Maurice Klaver, PGGM

Size, however, is not the differentiator for investors choosing an impact private equity manager. “A track record is very important,” says Maurice Klaver, head of the sustainable development investments (SDI) team within PGGM’s private equity group. “It is easier to look at a manager that has been around and has experience in this area.” 

Angelika Delen, global head of impact investing & Europe (ex UK) strategic research director at Mercer, agrees, noting there are many private equity managers who have integrated ESG criteria into their funds, and some have moved on to impact investing. “They see more opportunities because they understand how to address the ESG challenges. They know how to support a company and have experience in extracting sustainable value as well as generating a financial return,” Delen adds. 

Health, innovation and zero hunger 

While there is no dearth of prospects, the Phenix survey found that three of the 17 UN Sustainable Development Goals (SDGs) dominate. the impact field. Good health and wellbeing topped the preference list, mainly because healthcare is not only recession-proof, especially in the developed world, but it also ticks the box of innovation and technology.

Industry, innovation and infrastructure across the board came in second, with funds targeting advanced technologies, lower carbon emissions and increased mobile broadband access. This was followed by zero hunger, which encompasses solutions across the food and agriculture business value chain, including FoodTec, as well as sustainable agriculture and farming. 

Other studies show biodiversity rising in the ranks, as impact-focused private equity managers look to fulfil the SDG goal of promoting sustainable use of terrestrial ecosystems and reversing land degradation. Finding solutions is part of the equation, but so is working with sectors such as food, infrastructure and mobility, energy, and fashion that are responsible for the great majority of global biodiversity loss.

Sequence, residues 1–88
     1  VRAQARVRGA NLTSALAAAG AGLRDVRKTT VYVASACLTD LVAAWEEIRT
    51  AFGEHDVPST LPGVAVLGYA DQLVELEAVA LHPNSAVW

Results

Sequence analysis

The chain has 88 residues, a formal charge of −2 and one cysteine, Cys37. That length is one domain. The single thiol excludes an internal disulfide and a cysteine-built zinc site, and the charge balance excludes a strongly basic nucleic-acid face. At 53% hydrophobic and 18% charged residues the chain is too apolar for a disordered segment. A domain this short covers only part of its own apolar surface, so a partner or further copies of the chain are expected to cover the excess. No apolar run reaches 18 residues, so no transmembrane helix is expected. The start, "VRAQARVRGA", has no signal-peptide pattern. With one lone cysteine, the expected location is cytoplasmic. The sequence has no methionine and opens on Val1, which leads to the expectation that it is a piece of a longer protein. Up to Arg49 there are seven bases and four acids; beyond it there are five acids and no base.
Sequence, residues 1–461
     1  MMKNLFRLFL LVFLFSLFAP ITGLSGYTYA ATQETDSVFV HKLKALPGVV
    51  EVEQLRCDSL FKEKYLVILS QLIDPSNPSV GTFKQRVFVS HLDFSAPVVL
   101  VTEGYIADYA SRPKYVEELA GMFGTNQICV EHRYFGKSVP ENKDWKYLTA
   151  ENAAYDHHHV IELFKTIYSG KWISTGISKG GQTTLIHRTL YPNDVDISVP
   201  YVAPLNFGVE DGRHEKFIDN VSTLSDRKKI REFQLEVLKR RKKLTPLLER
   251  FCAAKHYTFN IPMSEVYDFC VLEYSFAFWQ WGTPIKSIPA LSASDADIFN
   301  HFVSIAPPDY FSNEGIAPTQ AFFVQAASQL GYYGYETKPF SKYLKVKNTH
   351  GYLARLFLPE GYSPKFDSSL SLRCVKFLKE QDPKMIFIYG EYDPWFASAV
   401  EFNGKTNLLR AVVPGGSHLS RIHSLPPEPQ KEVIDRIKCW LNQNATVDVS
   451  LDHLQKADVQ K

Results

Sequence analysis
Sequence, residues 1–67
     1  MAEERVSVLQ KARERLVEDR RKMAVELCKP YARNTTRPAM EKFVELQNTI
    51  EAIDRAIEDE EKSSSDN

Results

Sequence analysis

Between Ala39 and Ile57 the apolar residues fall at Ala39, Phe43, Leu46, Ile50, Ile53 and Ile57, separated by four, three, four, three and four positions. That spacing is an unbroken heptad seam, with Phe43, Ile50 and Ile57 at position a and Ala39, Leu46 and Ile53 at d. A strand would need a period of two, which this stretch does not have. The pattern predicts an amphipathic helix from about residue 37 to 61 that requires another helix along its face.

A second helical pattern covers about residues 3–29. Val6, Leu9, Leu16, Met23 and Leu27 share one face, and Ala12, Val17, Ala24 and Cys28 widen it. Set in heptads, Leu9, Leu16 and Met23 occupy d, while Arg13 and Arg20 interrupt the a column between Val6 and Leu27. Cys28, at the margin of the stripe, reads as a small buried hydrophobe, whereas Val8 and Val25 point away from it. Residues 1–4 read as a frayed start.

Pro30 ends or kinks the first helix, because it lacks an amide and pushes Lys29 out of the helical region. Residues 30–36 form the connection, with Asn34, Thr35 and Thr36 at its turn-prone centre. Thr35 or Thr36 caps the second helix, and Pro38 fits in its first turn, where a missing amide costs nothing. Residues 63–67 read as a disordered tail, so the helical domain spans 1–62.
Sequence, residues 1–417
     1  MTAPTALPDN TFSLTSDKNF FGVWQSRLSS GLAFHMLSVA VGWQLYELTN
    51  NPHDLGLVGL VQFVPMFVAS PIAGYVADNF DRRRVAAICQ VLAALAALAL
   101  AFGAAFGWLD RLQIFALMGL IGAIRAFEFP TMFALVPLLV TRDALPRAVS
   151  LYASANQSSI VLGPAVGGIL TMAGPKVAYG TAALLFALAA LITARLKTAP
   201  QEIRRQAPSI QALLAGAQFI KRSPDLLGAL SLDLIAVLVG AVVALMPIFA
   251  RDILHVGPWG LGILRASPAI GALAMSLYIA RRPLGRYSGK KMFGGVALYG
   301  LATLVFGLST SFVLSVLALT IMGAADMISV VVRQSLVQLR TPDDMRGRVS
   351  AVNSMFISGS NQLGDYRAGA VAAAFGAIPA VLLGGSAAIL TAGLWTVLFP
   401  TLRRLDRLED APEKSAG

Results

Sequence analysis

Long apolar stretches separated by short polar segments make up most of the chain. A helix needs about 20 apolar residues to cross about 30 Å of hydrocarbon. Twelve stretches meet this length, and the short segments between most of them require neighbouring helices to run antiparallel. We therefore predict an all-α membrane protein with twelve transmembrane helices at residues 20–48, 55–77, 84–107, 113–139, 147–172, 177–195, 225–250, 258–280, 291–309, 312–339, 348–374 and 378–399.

“Many use the UN SDGs because they are broadly seen as acceptable guidelines for alignment,” says Delen. “The more advanced managers will also report on the Operating Principles for Impact Management (OPIM)”. The framework was launched in April 2019, to ensure that impact considerations are purposefully integrated throughout the investment life cycle.

Greg Jania, global co-head of private equity at APG Asset Management, believes SDGs together with the European Union’s Sustainable Finance Disclosure Regulation (SFDR) are a good starting point for impact reporting. He notes that this is particularly true of Article 9, which is stricter and includes social and environmental objectives. The framework’s principal adverse indicators (PAIs) also provide a more structured framework for reporting.  

However, Jania points out that a much more comprehensive approach is needed to assess the impact throughout the holding period and upon exit.

“You need to set up frameworks and methodologies ahead of time to measure the impact,” he says. “Most GPs work with consultants and in-house experts to build them. We also work with a responsible investor network to monitor progress and what needs to be improved. Engagement with clients is also important to make sure interests are aligned.”

Looking for the exit

Exits can be challenging although this is changing, according to Klaver. He says: “We are seeing a number of incentive schemes where a partner’s profit sharing depends on the success of the impact that is made in the fund.”

“The industry is also trying to come up with initiatives such as the private markets ESG Data Convergence Initiative (EDCI) which is broader than the principal adverse impacts (PAI) and looks to create KPIs that can be applied to all investments as well as generate comparable, performance-based data,” Klaver adds. 

While metrics are important, choosing the right exit strategy should not be underestimated. 

As Karadagon puts it, “impact-focused private equity managers do not view impact as a toggle that can be switched on and off based on who owns the company. The profit with purpose mantra only really works if the purpose aspect is fully integrated within profit, and this purpose is in fact the core mission of the business. Prospective buyers will only move ahead with an acquisition if they fully believe the business will continue to profitably grow.”

He notes that LeapFrog and other impact investing firms also typically have impact objectives cemented into their exit processes, including vetting prospective buyers to ensure they meet certain criteria for responsible ownership and ethical stewardship of the business moving forward. 

This article is part of the ‘Impact Investing and the Just Transition’ report, a collaboration between Impact Investor and our sister publications IPE and IPE Real Assets.

You can download a digital copy of the report here.

Share on social media

Latest articles